How can humanity remake its relationship with the material world so as to exist sustainably in the 21st century?
Human actions have for the first time become a determining cause of Earth-system change, the most obvious manifestation of which is global warming. We believe that the onset of the Anthropocene calls for a profound rethinking of human material practices. These include the commercialisation and privatisation of common resources such as water, the rapid abandonment and destruction of old settlements and heritage sites, and the escalating discharge of waste materials, including plastic, into terrestrial and marine environments. Drawing upon a unique convergence of skills and experience in heritage and museum studies, the environmental humanities, cultural studies, archaeology, and environmental education, the program is developing new conceptual tools and policy alternatives for living in the 21st century. These include a study of ways and means of strengthening the water commons by encouraging the drinking of tap water over bottled water; a study of the history and social value of coastal reclamations in Australia and China, aimed at better understanding adaptations to sea level rise, and an international study of the ways that museums approach the issue of climate change. New research is being launched to examine options for conserving heritage sites in rapidly developing parts of Asia, including Mongolia and China. Research is also under way to develop a transnational approach to interpreting migrant heritage and this is complemented by a study of heritage-making by recent migrants from China and India in Parramatta. Our approach interrogates the material legacies of the past in order to reconceptualise sustainability in the present; it works fluidly across the mutually enfolded domains culture and nature; it promotes the kind of critical and imaginative thinking necessary to meet environmental challenges of the kind we now live with.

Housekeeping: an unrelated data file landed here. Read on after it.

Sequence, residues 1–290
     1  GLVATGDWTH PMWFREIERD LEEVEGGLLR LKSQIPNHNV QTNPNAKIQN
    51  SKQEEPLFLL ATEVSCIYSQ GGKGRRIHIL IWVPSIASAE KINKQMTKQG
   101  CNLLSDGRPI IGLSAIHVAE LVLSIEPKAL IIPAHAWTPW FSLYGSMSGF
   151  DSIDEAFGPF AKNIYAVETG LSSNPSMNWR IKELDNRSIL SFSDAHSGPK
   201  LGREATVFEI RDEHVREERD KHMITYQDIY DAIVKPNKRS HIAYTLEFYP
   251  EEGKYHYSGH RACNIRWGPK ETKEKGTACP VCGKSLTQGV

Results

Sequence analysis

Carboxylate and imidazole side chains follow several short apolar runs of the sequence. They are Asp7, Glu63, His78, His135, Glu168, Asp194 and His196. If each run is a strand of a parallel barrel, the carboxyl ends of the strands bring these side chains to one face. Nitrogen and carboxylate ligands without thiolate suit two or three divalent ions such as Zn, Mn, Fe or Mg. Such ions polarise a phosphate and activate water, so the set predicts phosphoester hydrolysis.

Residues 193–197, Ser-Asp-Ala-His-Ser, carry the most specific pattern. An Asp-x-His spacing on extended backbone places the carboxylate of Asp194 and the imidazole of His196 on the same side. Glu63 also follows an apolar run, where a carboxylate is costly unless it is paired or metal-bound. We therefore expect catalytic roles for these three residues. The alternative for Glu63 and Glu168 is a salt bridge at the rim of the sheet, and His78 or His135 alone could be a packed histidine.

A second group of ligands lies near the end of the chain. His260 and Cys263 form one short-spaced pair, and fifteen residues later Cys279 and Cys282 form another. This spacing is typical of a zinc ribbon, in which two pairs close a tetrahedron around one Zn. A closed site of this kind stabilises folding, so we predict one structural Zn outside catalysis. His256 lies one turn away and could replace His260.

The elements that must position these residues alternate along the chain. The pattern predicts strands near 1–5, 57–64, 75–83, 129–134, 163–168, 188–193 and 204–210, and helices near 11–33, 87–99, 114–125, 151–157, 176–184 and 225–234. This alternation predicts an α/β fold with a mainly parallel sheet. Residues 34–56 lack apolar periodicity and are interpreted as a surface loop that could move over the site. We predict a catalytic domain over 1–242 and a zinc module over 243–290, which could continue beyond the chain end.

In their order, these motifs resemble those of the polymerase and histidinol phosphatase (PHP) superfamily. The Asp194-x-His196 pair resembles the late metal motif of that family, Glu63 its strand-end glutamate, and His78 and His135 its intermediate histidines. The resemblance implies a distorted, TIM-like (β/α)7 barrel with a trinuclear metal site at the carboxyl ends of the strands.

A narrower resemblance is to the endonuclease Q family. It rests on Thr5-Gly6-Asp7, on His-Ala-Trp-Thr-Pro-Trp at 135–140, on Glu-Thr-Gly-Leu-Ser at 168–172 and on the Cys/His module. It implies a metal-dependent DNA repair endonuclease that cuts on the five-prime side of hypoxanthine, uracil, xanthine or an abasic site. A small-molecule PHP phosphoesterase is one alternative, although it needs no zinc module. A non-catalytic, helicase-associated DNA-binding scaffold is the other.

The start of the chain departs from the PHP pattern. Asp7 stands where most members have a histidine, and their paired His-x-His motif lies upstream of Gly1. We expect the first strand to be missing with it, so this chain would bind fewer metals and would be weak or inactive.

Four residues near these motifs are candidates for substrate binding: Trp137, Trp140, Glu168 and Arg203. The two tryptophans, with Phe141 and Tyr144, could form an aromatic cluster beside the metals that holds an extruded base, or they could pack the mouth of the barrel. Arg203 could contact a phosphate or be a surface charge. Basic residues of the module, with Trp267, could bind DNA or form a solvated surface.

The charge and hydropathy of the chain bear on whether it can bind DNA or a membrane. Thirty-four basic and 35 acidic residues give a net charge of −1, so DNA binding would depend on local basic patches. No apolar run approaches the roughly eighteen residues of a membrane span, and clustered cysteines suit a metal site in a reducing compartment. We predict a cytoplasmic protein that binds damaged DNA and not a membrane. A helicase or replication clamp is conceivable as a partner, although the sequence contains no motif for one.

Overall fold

Members of the Heritage and Environment program include Professor Gay Hawkins, Professor Tony Bennett, Professor Emma Waterton and Dr Hayley Saul.